Category: PHP (page 2 of 2)

RequireJs followup : The creation of a module

Introduction.

Last time I wrote about a possible require JS module for zend framework 2. After receiving a fair amount of interest, feedback and suggestions in general I decided to give it a go.

I proceeded to spend a decent amount of time reading all of requirejs’s documentation, mapping out how I’d like to fit that structure into the zend framework modular structure. It’s pretty much the same as described in the previous blog post, with only one big change… I’ve actually written the code. I know, shocker right.

So now what?

Well, I know this news might not be as interesting as I hoped it would be, but it is something. By publishing this blog post I’m hoping to receive more feedback, and perhaps some nice PRs. I’ve written some usage examples in the wiki in case you’re interested.

Applications

RequireJS (from here on RJS) did an awesome job supplying a modular structure. However, when working with ZF2 you’re already in a modular structure. This means we’re bound together with other modules if we want to share RJS modules. Every ZF2 module’s RJS module should have the possibility to get executed. Imagine having a RJS module that doesn’t get executed because the main application doesn’t know about it. That would take away a lot of flexibility.

I kept in mind that every module should share the same config map when it comes to loading RJS modules. This means that one way or another, we’ll still need a main application to provide all modules with this information.

SxRequireJs sets up a main application, which essentially sets all “module bootstraps” as a dependency, waits for them to load, and then executes them. This will be your module’s entry point, and should have its own dependencies.

Finally

Yes yes, I’ll stop talking. But I’d like to ask all of you to take a look, leave feedback and / or submit improvements.

Cheers.

RequireJS implementation for Zend framework 2

I have written a followup on this post, where I explain that the module is already available.

This is my initial idea for a requireJS module that could be used in zend framework 2. There’s not a lot of details yet, but the logic is there. Implementing this will be the easiest part, as I do believe that the architecture for this should be just right because you otherwise lose the flexibility and structure that both zend framework 2 and requireJS offer. I guess I’ll just start of by explaining my personal zend framework 2 architecture a little bit.

I do not store all of my assets in one directory. 

My approach is slightly different, in the sense that I supply assets on a per module basis. Every module has a public directory, and I use AliasMatch and RewriteEngine to map requests to their assets:

 

So basically I rewrite requests from this “/mymodule/js/main.js” to this “/path/to/application/module/Mymodule/”. This way my modules actually supply their own assets.

 

The reason I started using requireJS should be obvious to everyone that knows what it is.

In case you still want to know why,  it’s because I like structuring and setting up dependencies in a proper manner. This allows me to have a “main” module that will take care of global modules / dependencies such as jquery, allowing me to quickly scan for modules that don’t support jquery1.7.3 yet (example).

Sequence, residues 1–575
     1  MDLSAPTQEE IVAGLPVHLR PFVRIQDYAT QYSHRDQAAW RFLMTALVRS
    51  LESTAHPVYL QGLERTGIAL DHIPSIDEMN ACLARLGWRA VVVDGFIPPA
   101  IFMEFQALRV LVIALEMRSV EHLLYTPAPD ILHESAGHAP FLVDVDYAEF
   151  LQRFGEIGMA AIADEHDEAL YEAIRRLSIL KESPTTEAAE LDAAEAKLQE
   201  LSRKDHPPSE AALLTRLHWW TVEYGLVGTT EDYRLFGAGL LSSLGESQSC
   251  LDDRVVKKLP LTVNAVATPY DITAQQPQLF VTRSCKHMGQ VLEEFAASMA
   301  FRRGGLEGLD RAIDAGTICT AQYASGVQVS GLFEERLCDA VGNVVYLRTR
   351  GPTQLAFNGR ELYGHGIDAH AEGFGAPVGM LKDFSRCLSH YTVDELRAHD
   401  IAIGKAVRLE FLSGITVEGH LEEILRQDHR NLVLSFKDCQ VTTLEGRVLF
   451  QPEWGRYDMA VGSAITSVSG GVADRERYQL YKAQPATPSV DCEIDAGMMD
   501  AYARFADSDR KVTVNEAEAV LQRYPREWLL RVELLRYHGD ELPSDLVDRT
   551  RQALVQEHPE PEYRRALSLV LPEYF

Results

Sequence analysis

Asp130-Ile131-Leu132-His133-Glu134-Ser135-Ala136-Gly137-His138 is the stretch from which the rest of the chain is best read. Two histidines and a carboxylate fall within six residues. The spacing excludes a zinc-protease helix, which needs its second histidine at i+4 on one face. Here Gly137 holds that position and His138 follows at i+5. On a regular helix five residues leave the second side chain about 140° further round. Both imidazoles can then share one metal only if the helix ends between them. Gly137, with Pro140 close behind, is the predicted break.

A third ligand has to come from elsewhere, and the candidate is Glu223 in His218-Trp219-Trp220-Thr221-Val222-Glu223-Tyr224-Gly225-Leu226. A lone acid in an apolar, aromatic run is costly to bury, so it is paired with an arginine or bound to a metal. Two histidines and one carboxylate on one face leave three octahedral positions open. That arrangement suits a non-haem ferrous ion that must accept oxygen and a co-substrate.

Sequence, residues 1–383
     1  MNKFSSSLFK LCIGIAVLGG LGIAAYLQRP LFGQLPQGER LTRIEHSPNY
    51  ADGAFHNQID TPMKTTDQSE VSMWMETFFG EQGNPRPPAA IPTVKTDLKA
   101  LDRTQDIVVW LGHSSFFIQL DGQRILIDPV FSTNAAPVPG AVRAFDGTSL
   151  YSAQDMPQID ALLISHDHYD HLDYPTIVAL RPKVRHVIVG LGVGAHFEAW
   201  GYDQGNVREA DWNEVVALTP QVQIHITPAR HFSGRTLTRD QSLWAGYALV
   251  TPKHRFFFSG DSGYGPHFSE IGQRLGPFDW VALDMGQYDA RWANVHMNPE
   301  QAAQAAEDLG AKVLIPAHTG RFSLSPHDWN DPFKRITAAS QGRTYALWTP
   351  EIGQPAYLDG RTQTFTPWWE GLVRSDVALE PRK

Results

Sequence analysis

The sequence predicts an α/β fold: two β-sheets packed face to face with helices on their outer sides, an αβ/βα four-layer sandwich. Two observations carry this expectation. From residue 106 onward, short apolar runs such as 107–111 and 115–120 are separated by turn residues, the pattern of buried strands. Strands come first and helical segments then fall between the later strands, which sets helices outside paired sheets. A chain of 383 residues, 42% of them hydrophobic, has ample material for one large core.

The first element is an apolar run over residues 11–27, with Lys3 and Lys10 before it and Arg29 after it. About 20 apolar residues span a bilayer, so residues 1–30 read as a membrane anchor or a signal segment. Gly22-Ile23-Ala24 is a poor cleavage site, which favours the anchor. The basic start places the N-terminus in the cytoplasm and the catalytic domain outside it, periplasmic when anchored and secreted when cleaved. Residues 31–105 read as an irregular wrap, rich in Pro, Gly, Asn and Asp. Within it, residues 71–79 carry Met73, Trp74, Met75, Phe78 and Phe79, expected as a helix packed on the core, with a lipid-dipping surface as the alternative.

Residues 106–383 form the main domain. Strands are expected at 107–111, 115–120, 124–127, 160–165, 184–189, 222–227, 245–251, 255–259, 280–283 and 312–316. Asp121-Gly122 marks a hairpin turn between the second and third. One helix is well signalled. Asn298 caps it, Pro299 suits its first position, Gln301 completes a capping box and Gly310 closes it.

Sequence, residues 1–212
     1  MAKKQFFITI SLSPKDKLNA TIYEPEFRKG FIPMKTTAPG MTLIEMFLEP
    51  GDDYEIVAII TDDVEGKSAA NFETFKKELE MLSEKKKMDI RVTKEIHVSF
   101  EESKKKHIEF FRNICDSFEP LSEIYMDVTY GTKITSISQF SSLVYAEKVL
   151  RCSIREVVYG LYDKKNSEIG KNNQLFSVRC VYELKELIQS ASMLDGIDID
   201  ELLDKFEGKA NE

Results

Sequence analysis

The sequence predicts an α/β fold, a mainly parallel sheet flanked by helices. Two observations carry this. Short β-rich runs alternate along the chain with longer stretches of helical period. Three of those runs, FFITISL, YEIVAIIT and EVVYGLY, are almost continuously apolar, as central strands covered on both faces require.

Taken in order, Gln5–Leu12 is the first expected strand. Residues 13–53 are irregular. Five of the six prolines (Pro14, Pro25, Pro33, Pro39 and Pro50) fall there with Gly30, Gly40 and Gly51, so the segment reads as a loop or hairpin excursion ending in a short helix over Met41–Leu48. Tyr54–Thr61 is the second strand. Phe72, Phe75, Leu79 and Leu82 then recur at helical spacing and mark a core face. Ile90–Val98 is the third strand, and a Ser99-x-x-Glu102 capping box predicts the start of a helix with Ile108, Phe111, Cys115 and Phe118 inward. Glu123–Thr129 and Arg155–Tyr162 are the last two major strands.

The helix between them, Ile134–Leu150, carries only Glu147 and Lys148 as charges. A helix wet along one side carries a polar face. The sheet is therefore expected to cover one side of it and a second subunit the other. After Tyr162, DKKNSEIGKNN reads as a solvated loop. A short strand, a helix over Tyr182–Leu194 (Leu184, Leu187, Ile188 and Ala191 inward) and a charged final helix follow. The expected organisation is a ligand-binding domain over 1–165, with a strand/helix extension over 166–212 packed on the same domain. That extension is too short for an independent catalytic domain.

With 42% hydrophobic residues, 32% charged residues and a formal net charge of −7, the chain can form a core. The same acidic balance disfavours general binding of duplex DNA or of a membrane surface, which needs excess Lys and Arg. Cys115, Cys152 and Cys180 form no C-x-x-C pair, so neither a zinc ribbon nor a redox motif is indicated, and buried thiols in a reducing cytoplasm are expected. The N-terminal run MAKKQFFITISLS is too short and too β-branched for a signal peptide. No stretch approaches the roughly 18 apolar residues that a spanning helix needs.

The problem with requireJS is the structure it expects.

With the way zf2 modules are set up the optimizer will not work. Also, being able to have one entry point (for the “main” requireJS) will be rather difficult with a bunch of modules having their own “main”. This could be solved by mapping those to the main application but then you’d not be working modular.

 

My solution is an implementation that will figure all of this out for you.

I was thinking of building a zf2 module with a viewhelper that allows you to register a path for your zf2 module as well as the main requireJS module. zf2 modules register requirejs modules, and at the end of the run the viewHelper will simply set up the requirejs config (paths, so that /zf2module/* links to the actually resource) and dependencies to make sure that all requirejs modules get loaded.

When enabled, this run could also automatically create a build file for requirejs. This, however, will work event based (zf2) and will ask every module for their requirejs modules (because a build takes all js). This allows you to leave out very specific requirejs modules from the build. Along with this approach, you could also have a build.json / build.js for every zf2 module which would be scooped out by the optimizer (a zf2 layer that will create the build file based on these files).

 

The reason I think this approach is awesome is because of its flexibility.

Simply because using this approach allows you to not have to think about your structure too much (the main goal behind requireJS and zf2 modules) and focus on doing what you know, thus your logic. It’s flexible enough for you to write your own implementations and use this the way you think fits best, while still keeping all advantages of requireJS.

 

Some examples, maybe?

I do not have a working module yet, as I’m still collecting feedback and ideas. I do however have some really simple uses for the view helper.

I do realize this illustrates the usage for your main module view, however it might give you a better idea of the structure I’m thinking about.

 

Any questions, tips or feedback?

Do tell me. This is just the theory and an initial proposal. So all feedback both positive and negative are well appreciated.

 

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